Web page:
Joshua: So many different answers to that question. But generally, you know … after doing this for almost 20 years, when you’re on the road for a while, you miss your friends and family. So, my favourite places to play generally are where my most friends and family are. And that’s always five cities:  LA, New York, Cleveland Ohio – where I grew up -, Stockholm, and London. I would say those five cities are where I have the most friends and family. There’s nothing like having a bunch of your friends and family in the audience. And then going out for drinks afterwards. You know, it’s just because you go through so many cities where you don’t know a soul. And it can feel a bit lonely. So, that feeling of being on the road but with friends and family is second to none, really.

Abby: Interesting. Usually people would mention really big venues or things like that, but never people. And is there a place or country you haven’t been to yet but would like to play live in ?

Joshua: Yeah, Japan. Uhh, not right now, but Russia. [laughs] Definitely not now ! It’s probably gonna be a long time ‘till that happens, but I always wanted to see Russia. Russian literature has always been my favourite, since I was in school … I’ve just read so much about it. And Japan seems so foreign to me. You know, I’ve toured in some places in Asia. But for some reason, I haven’t gone to Japan and I’m working on it now. So, it’s one of those places that I haven’t been that I’m sort of a bit fascinated by and I think it’d be cool. People keep telling me I would love it.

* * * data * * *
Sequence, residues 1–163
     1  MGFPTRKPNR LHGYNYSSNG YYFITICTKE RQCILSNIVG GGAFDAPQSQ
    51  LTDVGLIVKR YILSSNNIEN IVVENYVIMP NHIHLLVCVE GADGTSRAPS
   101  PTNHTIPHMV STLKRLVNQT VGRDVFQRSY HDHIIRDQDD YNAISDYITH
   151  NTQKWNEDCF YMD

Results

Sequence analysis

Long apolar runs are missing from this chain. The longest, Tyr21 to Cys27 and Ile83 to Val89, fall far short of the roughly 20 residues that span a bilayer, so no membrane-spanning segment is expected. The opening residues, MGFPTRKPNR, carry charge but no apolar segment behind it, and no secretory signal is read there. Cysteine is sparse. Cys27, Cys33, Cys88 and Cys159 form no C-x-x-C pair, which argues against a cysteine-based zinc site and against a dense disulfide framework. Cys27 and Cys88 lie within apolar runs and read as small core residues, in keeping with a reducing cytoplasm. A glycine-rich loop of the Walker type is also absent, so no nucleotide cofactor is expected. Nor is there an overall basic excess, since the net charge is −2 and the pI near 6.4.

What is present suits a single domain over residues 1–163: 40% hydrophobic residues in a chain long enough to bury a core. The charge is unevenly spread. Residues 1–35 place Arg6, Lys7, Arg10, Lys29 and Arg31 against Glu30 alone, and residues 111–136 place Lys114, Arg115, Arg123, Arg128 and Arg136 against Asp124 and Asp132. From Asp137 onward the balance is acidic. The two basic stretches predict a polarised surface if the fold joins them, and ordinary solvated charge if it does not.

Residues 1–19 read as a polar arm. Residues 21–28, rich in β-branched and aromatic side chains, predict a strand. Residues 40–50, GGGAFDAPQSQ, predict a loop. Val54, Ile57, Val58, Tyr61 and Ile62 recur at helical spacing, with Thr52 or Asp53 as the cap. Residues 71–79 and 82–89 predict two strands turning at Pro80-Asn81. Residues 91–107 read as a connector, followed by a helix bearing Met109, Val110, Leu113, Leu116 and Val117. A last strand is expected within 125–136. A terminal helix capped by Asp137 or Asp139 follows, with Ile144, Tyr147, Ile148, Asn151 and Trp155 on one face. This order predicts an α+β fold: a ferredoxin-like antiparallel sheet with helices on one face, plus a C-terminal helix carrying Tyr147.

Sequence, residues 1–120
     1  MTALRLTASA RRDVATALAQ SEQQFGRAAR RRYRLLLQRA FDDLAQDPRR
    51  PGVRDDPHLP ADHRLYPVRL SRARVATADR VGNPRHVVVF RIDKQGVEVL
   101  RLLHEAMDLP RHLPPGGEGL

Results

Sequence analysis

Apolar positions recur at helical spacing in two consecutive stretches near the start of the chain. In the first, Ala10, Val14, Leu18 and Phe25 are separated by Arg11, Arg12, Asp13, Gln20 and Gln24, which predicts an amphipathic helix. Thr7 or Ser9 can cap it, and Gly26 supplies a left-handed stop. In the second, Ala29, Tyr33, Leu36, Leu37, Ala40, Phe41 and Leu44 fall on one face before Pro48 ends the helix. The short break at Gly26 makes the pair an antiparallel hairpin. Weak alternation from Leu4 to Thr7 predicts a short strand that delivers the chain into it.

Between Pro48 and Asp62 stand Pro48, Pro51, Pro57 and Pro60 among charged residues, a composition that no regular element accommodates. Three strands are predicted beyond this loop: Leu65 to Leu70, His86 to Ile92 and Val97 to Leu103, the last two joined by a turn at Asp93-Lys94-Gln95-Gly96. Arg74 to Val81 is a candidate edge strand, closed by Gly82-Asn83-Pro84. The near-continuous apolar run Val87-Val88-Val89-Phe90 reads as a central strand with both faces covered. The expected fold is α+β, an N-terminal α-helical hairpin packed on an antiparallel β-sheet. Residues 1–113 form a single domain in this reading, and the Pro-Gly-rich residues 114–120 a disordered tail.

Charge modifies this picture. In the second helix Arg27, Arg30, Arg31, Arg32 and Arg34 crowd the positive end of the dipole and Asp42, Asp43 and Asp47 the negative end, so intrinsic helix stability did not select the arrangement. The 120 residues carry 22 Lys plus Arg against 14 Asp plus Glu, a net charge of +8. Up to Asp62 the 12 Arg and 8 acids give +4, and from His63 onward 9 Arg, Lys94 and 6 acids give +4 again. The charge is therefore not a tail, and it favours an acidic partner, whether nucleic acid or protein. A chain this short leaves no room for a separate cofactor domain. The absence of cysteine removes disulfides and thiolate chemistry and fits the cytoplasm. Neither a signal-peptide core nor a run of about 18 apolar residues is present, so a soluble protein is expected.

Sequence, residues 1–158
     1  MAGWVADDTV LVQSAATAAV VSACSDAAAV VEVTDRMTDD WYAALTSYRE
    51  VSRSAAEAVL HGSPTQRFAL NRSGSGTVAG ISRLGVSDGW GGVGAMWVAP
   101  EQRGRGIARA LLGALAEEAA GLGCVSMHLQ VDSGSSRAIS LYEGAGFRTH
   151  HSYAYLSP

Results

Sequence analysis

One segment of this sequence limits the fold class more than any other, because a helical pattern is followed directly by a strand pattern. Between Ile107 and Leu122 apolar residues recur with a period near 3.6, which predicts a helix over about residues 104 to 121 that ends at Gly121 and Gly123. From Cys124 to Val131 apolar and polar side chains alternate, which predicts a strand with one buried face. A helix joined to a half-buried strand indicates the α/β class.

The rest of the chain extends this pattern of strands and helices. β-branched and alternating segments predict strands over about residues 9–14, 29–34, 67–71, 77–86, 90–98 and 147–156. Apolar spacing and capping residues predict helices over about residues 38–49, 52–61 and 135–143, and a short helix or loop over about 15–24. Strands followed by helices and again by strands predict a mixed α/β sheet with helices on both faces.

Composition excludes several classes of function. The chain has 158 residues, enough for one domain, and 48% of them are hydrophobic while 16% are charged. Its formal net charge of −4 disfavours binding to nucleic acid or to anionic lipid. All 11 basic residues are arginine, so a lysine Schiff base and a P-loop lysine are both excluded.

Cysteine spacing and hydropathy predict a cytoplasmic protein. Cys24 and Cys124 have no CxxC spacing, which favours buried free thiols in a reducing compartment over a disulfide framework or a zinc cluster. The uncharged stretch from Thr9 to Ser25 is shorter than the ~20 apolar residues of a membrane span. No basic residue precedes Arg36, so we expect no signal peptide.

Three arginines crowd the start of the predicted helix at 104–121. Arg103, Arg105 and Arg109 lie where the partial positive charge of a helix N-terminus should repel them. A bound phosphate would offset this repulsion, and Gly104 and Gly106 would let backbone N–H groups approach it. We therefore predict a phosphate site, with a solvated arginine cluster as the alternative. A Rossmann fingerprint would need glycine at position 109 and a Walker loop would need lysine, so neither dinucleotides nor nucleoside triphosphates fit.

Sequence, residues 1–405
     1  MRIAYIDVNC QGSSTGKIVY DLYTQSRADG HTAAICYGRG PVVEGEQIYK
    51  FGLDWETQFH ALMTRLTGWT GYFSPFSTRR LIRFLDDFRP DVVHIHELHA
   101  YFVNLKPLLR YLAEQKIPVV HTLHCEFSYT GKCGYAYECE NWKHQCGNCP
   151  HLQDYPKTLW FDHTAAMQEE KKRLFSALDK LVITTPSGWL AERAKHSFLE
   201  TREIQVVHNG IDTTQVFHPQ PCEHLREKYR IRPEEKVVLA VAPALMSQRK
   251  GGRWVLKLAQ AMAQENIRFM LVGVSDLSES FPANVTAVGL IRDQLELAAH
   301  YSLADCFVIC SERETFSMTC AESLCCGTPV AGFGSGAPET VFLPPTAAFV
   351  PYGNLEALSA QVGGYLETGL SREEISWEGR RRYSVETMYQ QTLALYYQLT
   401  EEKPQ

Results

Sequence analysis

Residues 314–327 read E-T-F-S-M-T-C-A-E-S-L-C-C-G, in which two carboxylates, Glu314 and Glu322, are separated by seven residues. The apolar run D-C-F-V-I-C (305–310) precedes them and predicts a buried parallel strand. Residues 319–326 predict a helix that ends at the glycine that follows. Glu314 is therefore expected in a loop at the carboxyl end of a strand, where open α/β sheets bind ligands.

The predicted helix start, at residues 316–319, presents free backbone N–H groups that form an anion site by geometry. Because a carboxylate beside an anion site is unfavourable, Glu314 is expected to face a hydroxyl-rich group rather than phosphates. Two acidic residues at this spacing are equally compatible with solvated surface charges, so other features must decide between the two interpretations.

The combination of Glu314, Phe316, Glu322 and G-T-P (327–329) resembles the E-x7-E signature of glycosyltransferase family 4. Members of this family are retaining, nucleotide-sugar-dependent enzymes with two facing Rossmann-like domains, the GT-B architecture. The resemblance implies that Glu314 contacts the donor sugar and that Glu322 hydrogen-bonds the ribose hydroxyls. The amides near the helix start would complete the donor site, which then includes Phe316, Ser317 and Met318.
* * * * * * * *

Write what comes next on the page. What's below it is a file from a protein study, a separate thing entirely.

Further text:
Abby: You have met and shared the stage with many big names. Who did you enjoy working and playing live with the most and why ?

Joshua: That’s another tough question because almost I mean, 99% of them that I’ve ever met have been just the kindest people. Uhm, Ed Sheeran, is maybe one of the nicest people in the world. He deserves everything he’s got.
Sheryl Crow was real cool. That was one of my first tours, opening for Sheryl Crow. And then we did a duet together and she’s just she’s kind of a legend. I don’t know, there’s just so many ! I did a tour years ago with an Irish band called The Script. They were nice guys. This was like 12 years ago or something. We toured together and we didn’t really stay in touch or anything.  I think I was on tour with them for like a month, 12/13 years ago in the States. I think it was maybe their first tour of the states or something like that. 

Abby: Is there anyone you’d like to collaborate with ? Why ?